The first of a series on SienaSaintsBlog dedicated to exploring Siena’s recruiting class.
Siena reached into Illinois to grab Brett Bisping during the early signing period. Bisping’s journey began with a battle with iron deficiency issues, to emerging as a top player in high school to building his game in AAU ball. Bisping got discovered and signed by Siena’s staff and comes in as a capable player who can play inside and be a sizable three-point shooter.
Bisping said to SienaSaintsBlog that his iron deficiency issue, which was first reported when he committed, began to effect him as early as his sophomore year at Morton High School. Bisping said he had been diagnosed with mono during his sophomore year. During his junior year he said he couldn’t get enough sleep, being constantly tired, and was then diagnosed with an iron deficiency. He was put on a regiment of pills which gave him energy; energy enough to lift his game to new heights.
Bisping played AAU basketball with the Illinois Wolves in 16 and Under and 17 and Under games and Roy Schmidt, Editor and Publisher of Illinois Prep Bulls-eye which covers Illinois high school basketball, attributed his development with the Wolves as a crucial element to earning his scholarship offer from Siena.
“It was during the spring and summer in traveling team competition that Bisping was able to develop his skills to the furthest, especially being used as a spot up shooter offensively and being able to face up at the 3 spot,” Roy Schmidt said. “On his high school team Bisping is unable to play the 3 because he is more needed in the post.”
From there he got discovered by the Siena staff. Siena assistant Tobin Anderson and Head Coach Mitch Buonaguro came out to see him and Bisping said he visited and loved the school on his official visit. Bisping said he got along with the guys very well and he and his dad were able to watch Siena’s scrimmage against Cornell. Bisping committed to the Saints 0n November 14th.
Bisping said he’s not sure if he will get playing time early but he will continue to work to impress his freshman year.
“I don’t know that I have expectations as far as my playing time,” Bisping said. “I’m just going to try to work as hard as I can to improve my game and help out the team as much as I can.”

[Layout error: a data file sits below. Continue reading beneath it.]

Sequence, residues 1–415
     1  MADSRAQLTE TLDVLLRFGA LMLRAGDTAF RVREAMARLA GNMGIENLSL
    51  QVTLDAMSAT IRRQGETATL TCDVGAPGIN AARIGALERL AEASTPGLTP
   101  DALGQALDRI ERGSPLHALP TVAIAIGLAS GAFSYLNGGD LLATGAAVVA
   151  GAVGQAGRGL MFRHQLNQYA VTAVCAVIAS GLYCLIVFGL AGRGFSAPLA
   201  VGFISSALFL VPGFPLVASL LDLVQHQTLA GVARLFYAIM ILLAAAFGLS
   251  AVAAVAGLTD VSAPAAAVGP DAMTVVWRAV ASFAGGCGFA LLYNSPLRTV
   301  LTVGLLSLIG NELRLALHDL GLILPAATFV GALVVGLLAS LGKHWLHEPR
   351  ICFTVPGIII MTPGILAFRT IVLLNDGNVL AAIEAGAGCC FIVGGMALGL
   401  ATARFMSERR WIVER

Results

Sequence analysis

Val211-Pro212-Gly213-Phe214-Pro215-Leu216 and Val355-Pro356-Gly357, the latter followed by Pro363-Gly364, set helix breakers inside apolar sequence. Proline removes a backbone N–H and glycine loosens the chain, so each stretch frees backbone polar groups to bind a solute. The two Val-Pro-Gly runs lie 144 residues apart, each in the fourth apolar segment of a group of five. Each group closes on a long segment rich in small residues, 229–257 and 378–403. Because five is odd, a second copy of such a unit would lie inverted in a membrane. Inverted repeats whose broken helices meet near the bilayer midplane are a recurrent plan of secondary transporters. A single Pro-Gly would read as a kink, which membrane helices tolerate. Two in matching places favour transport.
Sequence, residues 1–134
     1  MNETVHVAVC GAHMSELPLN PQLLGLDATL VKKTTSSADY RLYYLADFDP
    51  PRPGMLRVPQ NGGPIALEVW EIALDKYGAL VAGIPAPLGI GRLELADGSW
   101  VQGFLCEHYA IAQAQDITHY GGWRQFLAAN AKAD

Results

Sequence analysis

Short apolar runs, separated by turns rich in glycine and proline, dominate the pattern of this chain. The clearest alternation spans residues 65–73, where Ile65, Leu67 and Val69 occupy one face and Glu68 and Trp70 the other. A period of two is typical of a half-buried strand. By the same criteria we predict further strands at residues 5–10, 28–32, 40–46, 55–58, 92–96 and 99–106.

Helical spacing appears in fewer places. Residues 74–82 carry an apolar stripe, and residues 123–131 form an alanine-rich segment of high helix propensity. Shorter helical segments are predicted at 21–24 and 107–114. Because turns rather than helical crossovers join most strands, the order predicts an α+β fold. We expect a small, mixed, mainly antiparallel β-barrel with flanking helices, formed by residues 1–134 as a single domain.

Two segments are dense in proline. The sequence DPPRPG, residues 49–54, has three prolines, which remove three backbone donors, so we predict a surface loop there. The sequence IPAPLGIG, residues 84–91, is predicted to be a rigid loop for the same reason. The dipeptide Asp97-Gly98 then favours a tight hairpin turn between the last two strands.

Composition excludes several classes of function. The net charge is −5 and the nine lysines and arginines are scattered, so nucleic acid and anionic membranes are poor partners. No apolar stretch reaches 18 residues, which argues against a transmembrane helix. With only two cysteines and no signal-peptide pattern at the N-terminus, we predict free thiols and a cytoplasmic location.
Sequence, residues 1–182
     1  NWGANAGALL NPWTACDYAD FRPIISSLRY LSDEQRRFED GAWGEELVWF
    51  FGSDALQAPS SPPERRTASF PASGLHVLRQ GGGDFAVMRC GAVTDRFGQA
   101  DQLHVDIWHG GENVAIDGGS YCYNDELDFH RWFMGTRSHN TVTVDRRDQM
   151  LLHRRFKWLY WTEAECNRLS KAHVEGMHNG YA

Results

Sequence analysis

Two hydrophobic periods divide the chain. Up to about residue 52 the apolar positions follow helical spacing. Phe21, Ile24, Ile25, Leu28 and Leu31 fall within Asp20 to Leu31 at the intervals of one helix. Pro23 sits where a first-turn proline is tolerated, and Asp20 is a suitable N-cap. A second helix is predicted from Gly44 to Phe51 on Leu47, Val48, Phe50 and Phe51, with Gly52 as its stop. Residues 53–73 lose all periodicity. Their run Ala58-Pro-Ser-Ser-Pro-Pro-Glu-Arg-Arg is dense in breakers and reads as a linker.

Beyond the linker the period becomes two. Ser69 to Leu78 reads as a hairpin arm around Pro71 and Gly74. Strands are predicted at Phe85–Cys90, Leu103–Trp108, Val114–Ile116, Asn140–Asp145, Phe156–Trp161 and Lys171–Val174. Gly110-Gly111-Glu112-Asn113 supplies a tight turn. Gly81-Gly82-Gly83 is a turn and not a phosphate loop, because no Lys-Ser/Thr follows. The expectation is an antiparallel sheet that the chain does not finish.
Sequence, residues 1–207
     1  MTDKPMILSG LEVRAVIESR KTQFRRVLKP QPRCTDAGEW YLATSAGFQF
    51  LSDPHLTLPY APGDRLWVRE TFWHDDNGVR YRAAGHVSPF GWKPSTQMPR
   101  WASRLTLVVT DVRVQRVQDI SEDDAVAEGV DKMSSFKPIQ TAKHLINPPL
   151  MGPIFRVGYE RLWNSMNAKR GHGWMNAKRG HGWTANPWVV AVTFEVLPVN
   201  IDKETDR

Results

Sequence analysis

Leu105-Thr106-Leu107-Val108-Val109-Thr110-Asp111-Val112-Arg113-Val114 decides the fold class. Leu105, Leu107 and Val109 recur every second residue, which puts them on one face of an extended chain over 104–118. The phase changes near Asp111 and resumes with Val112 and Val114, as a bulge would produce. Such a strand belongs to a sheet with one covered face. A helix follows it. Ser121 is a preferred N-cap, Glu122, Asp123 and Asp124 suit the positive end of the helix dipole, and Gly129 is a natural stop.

After committing to Siena, Bisping turned in a great senior season, knocking down threes and playing hard in the post; averaging about 17.5 points per game. Bisping took to improving his game playing heavy minutes for Morton. Playing in the second largest class in Illinois, Class 3A, Bisping has had to play inside for Morton. Listed at 6’8″, by the time the Potters reached the postseason, he had grown an inch and listed at 6’9″ according to Peoria Journal Star reporter Lonnie Schwindenhammer, who covered Morton during the season.
“Brett’s met or exceeded expectations coming into this season,” Schwindenhammer said about how Bisping played after committing to the Saints. “He had a great year.”
Not only was he a focal point but Bisping said he sometimes had to bring the ball up against teams that pressed because it was easier for him to take it up against a big man.
After missing the start of the season with a left knee issue and watching Morton lose their first game. Bisping returned Morton went 4-0 behind his 18.5 points and 7.5 rebound average in November’s Lincoln Tournament. Morton also appeared in the Pekin Holiday Tournament in December, going 3-1 and finishing in third place. Bisping turned in a 25 point game in the third-place game, a 65-53 win over Normal West, making 9 of 11 shots from the field. Bisping earned spots on the All-Tournament team in both tournaments Morton played in this season.
Morton Potters Head Coach Jarrett Brown said that Bisping’s performance in tournament play reflected his consistent play all season.
“Brett’s performance in the Christmas tournament was no different than anything all year long,” Brown said. “He will stretch the defense with his shooting, he’ll get into the post, he gets to the foul line, runs the floor. He does a little bit of everything and then he dominates the glass, normally most every night.”